Can Walking Help With Weight Loss?


Three middle-aged African-American women walking outside in winter.

Engaging in regular physical activity is important for your overall health and well-being.

When you begin a weight-loss journey, there are a number of factors you should consider. The foods you select and amount of calories you consume are the most influential aspects of achieving successful weight loss. However, physical activity is also important and plays a large role in helping you keep the weight off.

During weight loss, physical activity can contribute to losing up to 3 percent of weight. This may not seem like much, but it is important to include for your overall health.

Physical activity incorporates a wide range of activities that get your body moving — and burns calories. The current adult physical activity recommendations for weight loss are 225 minutes (3 hours and 45 minutes) per week and at least 300 minutes (5 hours) per week for weight maintenance after weight loss.

For some, physical activity may seem intimidating, but it doesn't have to be! Walking can be a way to be active throughout the day. You can spread the activity out in a way that best fits your schedule. It doesn’t need to be done all at once.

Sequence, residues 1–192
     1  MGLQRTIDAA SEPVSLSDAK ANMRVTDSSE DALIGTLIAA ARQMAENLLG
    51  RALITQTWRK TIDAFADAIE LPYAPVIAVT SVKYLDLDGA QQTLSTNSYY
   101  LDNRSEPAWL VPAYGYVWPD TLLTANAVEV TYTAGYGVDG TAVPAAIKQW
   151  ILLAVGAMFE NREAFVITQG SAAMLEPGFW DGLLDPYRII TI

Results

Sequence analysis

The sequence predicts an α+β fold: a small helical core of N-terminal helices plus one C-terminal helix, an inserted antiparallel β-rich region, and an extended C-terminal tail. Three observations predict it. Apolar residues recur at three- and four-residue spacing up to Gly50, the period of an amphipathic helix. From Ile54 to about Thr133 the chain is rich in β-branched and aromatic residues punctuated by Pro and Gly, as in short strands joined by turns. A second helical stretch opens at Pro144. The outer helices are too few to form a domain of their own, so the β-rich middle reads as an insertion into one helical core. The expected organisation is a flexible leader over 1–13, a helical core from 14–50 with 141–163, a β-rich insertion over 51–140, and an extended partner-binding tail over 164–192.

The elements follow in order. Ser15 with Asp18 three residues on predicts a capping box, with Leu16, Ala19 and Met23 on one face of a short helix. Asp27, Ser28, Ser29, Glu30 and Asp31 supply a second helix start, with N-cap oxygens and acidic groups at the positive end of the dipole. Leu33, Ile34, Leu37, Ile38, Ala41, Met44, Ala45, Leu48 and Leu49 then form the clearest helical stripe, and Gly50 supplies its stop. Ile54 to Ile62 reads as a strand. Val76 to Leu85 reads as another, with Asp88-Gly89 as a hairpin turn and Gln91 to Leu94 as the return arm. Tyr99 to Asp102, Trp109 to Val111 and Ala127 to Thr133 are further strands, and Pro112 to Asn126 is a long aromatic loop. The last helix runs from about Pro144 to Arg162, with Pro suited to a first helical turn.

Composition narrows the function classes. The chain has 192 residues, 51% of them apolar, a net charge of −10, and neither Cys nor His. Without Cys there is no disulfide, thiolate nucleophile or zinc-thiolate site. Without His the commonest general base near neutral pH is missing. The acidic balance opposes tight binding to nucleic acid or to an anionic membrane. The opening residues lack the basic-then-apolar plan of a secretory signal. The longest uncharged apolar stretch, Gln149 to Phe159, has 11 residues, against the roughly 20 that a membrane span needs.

Adding walking into your daily routine can contribute to meeting the physical activity recommendations and burn some calories. Walking requires no special skills, no gym membership, or equipment. All you need is to set aside time, a pair of comfortable shoes, and a designated area to walk. If the weather is nice, take advantage of outdoor locations that have trails, sidewalks, or tracks. For days where outdoor activity isn’t ideal, utilize indoor hallways/ tracks, shopping malls, take the stairs more often, or take loops around your living space. Learn more about how to start a walking program.

Always check with your doctor before starting a new routine or incorporating any new physical activity into your day to make sure it is safe for you to do so. If you have a heart condition, experience bone and joint pain, are on blood pressure or heart medications, feel chest pains, or become dizzy when you are not performing physical activity, your doctor may suggest a safer alternative for you.

Once your doctor gives you the OK, you can begin by walking at your own pace and gradually increase your speed, frequency, and distance. Work up to your goals and take your time. As you improve your fitness level, you will find yourself able to move faster and go farther.

About this Blog

Learn about bariatric surgery and get the support you need to continue on your weight-loss journey. We offer workouts, recipes and tips from Bariatric Surgery program team members, and stories from patients like you.

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